It’s fashionable among certain sects on the economic fringes these days to look back on the era of the gold standard as a kind of economic Utopia in which there were no booms and busts, just a warm sunny landscape of stability and prosperity until the wicked witches of the Federal Reserve came along and spoiled it all. That claim flies in the face of economic history. During the entire period that the United States was on the gold standard, from 1873 to 1933, the US economy was a moonscape cratered by more than a dozen significant depressions. There’s a reason for that, and it’s relevant to our current situation—in a backhanded manner, admittedly.

Money, let us please remember, is not wealth. It’s a system of arbitrary tokens that represent real wealth—that is, actual, nonfinancial goods and services. Every society produces a certain amount of real wealth each year, and those societies that use money thus need to have enough money in circulation to more or less correspond to the annual supply of real wealth. That sounds simple; in practice, though, it’s anything but. Nowadays, for example, the amount of real wealth being produced in the United States each year is contracting steadily as more and more of the nation’s economic output has to be diverted into the task of keeping it supplied with fossil fuels. That’s happening, in turn, because of the limits to growth—the awkward but inescapable reality that you can’t extract infinite resources, or dump limitless wastes, on a finite planet.

The gimmick currently being used to keep fossil fuel extraction funded and cover the costs of the rising impact of environmental disruptions, without cutting into a culture of extravagance that only cheap abundant fossil fuel and a mostly intact biosphere can support, is to increase the money supply ad infinitum. That’s become the bedrock of US economic policy since the 2008-9 crash. It’s not a gimmick with a long shelf life; as the mismatch between real wealth and the money supply balloons, distortions and discontinuities are surging out through the crawlspaces of our economic life, and crisis is the most likely outcome.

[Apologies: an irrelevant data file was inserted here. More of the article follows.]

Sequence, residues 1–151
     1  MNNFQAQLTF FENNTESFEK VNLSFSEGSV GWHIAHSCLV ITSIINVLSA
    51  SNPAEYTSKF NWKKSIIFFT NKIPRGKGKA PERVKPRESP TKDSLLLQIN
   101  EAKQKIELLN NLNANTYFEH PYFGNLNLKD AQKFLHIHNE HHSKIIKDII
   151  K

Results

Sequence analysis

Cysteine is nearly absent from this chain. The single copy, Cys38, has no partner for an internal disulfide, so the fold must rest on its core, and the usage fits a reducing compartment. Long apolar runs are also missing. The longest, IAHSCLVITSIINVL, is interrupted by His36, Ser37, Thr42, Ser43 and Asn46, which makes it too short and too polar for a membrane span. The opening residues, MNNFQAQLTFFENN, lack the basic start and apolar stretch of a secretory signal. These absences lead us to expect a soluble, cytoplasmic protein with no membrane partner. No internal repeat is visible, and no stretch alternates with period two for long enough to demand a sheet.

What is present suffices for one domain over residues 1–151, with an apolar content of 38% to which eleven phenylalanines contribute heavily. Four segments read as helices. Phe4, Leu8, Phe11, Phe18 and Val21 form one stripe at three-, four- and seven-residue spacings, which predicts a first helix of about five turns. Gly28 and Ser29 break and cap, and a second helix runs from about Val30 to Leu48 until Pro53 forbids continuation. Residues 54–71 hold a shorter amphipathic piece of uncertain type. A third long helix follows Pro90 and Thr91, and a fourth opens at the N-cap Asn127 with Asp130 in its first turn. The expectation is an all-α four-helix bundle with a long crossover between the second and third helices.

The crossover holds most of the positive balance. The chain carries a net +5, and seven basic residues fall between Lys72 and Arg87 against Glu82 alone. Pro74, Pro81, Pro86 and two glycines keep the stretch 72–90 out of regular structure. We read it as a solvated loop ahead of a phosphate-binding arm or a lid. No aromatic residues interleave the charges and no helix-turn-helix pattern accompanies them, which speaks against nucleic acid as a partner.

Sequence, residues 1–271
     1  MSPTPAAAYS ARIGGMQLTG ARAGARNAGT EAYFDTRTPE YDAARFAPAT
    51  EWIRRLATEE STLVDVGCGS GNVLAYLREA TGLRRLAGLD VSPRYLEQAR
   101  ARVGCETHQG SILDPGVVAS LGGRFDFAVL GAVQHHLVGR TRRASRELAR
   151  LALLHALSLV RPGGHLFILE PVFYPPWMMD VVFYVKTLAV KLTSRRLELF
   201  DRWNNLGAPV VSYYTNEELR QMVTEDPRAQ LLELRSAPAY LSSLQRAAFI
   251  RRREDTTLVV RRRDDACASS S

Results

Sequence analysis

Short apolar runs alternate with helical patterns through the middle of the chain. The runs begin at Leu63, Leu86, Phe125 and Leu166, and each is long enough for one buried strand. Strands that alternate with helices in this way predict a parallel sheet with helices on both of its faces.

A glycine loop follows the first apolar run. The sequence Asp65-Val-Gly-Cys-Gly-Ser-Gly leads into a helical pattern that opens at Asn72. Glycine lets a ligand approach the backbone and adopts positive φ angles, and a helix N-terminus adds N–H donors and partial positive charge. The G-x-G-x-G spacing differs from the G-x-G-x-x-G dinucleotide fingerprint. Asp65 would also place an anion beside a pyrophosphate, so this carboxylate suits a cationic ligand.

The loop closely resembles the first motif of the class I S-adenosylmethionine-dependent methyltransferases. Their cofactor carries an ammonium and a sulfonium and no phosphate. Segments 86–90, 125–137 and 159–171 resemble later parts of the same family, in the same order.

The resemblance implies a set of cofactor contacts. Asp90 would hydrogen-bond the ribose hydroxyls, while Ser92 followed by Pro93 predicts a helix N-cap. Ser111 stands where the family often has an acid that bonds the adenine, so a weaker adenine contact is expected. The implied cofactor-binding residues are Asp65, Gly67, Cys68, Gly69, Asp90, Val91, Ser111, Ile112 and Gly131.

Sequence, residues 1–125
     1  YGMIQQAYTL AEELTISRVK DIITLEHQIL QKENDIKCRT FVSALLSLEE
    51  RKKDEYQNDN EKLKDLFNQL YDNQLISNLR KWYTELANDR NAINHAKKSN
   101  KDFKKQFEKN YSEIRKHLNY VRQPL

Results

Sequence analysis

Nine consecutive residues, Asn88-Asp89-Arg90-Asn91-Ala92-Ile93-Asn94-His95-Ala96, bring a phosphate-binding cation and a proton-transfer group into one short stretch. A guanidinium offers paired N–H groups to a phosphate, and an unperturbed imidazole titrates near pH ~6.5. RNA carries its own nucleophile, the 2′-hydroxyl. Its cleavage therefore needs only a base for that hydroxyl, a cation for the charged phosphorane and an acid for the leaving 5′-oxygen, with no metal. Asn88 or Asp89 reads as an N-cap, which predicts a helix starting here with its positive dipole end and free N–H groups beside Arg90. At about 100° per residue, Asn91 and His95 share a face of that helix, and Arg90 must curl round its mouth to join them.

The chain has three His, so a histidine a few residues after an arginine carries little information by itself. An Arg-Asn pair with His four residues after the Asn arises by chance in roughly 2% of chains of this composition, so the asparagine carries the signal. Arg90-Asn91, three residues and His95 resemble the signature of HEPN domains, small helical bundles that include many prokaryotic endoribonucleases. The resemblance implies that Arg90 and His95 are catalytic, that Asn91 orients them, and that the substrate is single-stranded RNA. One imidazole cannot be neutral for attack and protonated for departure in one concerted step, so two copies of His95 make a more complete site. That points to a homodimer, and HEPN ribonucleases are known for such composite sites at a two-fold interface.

In the United States in the first half or so of the twentieth century, by contrast, the amount of real wealth being produced each year soared, largely because of the steady increases in fossil fuel energy being applied to every sphere of life. While the nation was on the gold standard, though, the total supply of money could only grow as fast as gold could be mined out of the ground, which wasn’t even close to fast enough. So you had more goods and services being produced than there was money to pay for them; people who wanted goods and services couldn’t buy them because there wasn’t enough money to go around; business that wanted to expand and hire workers were unable to do so for the same reason. The result was that moonscape of economic disasters I mentioned a moment ago.

The necessary response at that time was to go off the gold standard. Nobody in power wanted to do this, partly because of the dogmatic economic orthodoxy noted earlier, and partly because a money shortage paid substantial benefits to those who had guaranteed access to money. The rentier class—those people who lived off income from their investments—could count on stable or falling prices as long as the gold standard stayed in place, and the mere fact that the same stable or falling prices meant low wages, massive unemployment, and widespread destitution troubled them not at all. Since the rentier class included the vast majority of the US economic and political elite, in turn, going off the gold standard was unthinkable until it became unavoidable.